This was my first visit to the Algarve and my initial impression lingered for the whole of my stay: that the Algarve is abroad for people who’d rather not be abroad.
They go because they want the sun — not because they’re interested in exploring another country’s culture.
And that’s absolutely fine in the Algarve: there’s sun, sea, sand and golf (of which more later) but you can eat familiar food and have your Daily Mail delivered to your room in the morning. It’s even in the same time zone as the UK.
The Algarve is on the south coast of Portugal — as if it matters. Like the Costa Del Sol and the Cote D’Azur, it’s a holiday destination that transcends country and it has far more in common with the Costa and the Cote than it has with anywhere else in Portugal — especially in the interior.
It even has a different economy from the rest of Portugal (the poorest country in Western Europe) which is why the restaurants are so surprisingly expensive — even after taking into account the perniciously inexplicable exchange rate.
Still, the Algarve delivers on its promise of sunny holidays uncomplicated and untainted by anything foreign. After a couple of days, you even dispense with your one word of Portuguese (Obrigado) and say “thank you” instead. You say “hello” to your fellow guest assuming that they’re British — and usually you’re right. Roll on global warming and we can dispense with the place altogether.
But not yet, and if you want guaranteed sunshine from March to October, there are worse places to go.
We stayed at two five-star properties: the Vila Vita Parc and the Quinta do Lago Hotel. The Vila Vita was reminiscent of the Forte Village in Sardinia. Hectares of beautifully tended grounds with lots of swimming-pools and restaurants dotted around. There’s beach access via a steep coastal path and for the three days we were there, we were more than happy to remain on site and use the facilities which included tennis, a pitch-and-putt course and a well-equipped spa. The management even put on a free cocktail party but the only other British people there were a couple of frightful snobs (“we don’t like the socialists” I overheard one of them saying to a German: well, nor do I but I’d be mortified to find myself saying it — and especially to a German).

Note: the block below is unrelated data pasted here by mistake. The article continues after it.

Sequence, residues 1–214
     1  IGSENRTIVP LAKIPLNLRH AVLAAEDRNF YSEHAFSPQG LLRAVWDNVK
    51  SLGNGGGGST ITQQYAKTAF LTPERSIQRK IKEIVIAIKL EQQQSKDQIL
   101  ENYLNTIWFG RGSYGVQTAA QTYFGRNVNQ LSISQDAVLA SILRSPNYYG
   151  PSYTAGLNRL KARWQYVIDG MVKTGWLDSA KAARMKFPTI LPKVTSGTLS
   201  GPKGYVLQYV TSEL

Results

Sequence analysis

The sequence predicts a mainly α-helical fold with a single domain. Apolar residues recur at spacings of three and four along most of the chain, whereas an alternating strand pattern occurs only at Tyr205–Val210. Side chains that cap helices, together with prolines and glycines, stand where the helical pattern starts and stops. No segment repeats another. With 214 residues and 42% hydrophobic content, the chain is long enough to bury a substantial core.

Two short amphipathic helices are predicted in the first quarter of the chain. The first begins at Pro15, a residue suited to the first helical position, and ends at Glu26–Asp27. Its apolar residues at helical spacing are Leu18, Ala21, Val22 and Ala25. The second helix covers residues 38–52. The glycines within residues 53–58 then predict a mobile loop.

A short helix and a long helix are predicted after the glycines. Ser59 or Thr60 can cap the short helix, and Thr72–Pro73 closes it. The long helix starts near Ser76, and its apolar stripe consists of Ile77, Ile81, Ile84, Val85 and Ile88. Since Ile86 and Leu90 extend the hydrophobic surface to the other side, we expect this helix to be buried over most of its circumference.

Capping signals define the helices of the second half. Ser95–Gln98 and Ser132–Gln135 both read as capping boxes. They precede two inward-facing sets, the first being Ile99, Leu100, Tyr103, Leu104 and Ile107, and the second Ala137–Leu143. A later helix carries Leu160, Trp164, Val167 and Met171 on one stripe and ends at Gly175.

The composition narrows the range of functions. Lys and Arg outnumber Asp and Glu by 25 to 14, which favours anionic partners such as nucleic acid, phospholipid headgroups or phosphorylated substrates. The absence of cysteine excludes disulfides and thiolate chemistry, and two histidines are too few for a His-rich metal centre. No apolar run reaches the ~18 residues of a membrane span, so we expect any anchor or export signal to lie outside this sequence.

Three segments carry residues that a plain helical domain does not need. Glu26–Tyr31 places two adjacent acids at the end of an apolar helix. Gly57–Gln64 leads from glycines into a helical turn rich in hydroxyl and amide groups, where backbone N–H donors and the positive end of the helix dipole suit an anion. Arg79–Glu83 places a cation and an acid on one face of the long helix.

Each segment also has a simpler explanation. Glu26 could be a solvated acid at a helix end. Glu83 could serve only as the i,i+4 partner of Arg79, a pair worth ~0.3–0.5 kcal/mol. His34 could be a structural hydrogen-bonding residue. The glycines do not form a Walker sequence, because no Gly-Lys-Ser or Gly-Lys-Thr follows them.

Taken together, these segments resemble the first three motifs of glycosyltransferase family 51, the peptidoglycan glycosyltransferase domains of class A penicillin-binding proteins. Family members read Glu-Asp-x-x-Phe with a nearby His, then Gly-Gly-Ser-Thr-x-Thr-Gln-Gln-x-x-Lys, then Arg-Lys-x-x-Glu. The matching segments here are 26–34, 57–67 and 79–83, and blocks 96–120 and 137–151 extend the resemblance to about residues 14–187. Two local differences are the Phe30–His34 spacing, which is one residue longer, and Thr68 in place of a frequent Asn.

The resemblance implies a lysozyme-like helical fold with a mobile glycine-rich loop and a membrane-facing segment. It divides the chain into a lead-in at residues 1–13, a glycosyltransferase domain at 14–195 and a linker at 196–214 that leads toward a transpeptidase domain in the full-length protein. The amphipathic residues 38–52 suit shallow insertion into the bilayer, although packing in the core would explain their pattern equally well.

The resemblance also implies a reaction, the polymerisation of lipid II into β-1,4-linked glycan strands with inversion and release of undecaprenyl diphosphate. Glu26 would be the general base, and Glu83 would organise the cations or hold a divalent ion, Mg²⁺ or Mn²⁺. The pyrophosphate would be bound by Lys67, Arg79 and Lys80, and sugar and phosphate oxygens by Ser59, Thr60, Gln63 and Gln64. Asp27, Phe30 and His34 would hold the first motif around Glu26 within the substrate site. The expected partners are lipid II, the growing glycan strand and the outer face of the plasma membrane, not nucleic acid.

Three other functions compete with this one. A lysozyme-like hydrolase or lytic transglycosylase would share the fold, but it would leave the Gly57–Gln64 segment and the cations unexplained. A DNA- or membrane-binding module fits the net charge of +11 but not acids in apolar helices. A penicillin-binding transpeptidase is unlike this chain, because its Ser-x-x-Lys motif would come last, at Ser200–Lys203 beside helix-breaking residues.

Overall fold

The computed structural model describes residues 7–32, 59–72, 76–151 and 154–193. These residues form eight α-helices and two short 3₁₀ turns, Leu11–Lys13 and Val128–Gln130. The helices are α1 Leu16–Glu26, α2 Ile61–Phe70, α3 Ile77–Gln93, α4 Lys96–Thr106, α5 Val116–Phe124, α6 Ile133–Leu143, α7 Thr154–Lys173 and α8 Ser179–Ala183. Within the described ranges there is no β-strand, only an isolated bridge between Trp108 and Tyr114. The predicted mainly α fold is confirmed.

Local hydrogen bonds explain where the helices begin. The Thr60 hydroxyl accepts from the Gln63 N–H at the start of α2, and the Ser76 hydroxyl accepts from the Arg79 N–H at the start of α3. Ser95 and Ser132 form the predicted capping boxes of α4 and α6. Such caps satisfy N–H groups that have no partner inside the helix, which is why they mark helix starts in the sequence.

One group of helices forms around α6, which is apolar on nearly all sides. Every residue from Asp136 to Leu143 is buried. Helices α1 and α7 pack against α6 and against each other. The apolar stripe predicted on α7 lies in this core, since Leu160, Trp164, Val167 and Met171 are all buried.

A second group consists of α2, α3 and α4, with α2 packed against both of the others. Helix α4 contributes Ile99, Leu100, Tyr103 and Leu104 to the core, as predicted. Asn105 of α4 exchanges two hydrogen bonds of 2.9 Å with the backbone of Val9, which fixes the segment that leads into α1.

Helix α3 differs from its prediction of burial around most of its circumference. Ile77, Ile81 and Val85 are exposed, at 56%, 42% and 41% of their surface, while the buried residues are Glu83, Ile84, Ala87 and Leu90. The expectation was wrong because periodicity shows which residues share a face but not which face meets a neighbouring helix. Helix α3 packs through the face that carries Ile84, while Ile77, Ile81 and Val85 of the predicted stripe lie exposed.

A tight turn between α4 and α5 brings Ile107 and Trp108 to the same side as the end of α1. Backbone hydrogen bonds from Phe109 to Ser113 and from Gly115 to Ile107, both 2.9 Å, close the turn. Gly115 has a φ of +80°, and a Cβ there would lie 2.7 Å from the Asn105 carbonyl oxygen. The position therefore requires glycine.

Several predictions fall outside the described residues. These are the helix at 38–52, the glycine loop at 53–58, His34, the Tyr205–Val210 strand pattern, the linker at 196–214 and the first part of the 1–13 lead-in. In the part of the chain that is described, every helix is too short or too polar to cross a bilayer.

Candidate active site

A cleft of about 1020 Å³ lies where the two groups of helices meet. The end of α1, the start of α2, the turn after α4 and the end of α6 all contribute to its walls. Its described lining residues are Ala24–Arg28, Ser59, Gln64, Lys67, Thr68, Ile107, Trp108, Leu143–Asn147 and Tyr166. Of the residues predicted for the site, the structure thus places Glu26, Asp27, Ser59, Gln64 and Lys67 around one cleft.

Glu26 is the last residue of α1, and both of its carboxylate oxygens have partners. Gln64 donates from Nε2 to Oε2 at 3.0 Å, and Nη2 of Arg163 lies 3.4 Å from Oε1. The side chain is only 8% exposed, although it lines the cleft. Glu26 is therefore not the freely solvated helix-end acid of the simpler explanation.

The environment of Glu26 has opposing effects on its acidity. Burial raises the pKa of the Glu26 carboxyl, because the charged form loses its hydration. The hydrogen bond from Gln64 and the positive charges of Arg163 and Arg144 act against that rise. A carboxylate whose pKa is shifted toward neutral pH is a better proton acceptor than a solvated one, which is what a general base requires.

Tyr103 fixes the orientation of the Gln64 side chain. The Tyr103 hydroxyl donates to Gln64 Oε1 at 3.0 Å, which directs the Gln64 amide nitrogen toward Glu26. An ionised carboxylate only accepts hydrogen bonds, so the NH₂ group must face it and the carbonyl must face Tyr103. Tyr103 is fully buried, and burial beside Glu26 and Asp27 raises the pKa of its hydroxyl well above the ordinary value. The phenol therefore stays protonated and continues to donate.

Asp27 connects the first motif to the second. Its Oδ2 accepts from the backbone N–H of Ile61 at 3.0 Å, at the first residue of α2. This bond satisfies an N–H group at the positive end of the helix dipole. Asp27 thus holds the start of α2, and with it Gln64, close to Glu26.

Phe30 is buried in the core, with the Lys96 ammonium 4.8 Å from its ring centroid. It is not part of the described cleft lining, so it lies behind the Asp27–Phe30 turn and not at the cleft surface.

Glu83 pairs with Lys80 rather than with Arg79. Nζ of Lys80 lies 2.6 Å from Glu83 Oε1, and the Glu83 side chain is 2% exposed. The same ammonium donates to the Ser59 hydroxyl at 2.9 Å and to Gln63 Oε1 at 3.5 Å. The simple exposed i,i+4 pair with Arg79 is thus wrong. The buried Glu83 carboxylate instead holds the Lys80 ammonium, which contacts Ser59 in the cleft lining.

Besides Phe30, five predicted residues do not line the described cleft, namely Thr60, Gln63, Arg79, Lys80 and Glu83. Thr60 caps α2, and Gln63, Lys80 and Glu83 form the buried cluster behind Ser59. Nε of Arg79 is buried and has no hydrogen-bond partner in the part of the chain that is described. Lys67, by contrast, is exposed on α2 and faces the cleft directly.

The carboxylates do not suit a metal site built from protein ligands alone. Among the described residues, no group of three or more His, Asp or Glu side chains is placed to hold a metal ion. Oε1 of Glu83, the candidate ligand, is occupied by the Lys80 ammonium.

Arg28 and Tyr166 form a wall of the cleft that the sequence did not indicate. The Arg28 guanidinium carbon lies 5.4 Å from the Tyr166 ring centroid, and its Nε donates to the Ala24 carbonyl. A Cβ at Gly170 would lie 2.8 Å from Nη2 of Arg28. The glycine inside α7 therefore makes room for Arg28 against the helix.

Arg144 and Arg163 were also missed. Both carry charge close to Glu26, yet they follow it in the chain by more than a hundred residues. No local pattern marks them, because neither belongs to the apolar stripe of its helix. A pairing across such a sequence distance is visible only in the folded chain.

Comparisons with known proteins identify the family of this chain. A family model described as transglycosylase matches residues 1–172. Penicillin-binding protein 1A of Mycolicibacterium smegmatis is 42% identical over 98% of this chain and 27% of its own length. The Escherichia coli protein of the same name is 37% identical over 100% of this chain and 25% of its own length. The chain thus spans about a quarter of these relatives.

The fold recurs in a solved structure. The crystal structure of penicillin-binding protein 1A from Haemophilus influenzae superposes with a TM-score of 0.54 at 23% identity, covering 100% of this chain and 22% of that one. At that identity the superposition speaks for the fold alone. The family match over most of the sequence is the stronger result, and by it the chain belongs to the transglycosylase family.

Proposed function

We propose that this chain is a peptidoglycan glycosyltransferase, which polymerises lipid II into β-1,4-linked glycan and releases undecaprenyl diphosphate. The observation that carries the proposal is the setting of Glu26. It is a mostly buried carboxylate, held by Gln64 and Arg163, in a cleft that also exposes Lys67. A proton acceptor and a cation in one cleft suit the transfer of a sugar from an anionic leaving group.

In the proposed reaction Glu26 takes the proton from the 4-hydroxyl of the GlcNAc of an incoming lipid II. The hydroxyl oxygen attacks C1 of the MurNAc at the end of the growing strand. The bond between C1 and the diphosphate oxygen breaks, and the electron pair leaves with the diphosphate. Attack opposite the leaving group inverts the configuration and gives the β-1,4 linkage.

The Vila Vita is aesthetically pleasing: traditional blue and white tiles soften the dark wooden decor and the whole place feels like a pretty village set in undulating tropical gardens peppered with lakes, streams, hillocks and shady dells.
Up by the swimming pools are bars where you can order snacks and drinks at not unreasonable prices (bearing in mind that’s it’s a five-star hotel) and if the weather fails, there’s a large indoor pool as well as a well-stocked library.
As recent empty nesters, we were a little alarmed to see so many families with young children but the resort is big enough to accommodate all types and there are plenty of nooks and crannies that are off-limits to kids. We were assured by all the parents we spoke to — most of them repeat guests — that the children’s facilities are absolutely top-notch.
We were given a standard bedroom which was large, airy and beautifully decorated in blues and yellows.
Our only complaint about the bedroom and, indeed, the whole hotel was the bed itself. I like a hard mattress but this was uncomfortably hard and it led to three disturbed nights.
By contrast, the bed in our equally well-appointed room at the Quinta do Lago hotel, was the third most comfortable I’ve slept in (I keep score; the two superior to it are at The Four Seasons Hong Kong and Lucknam Park near Bath).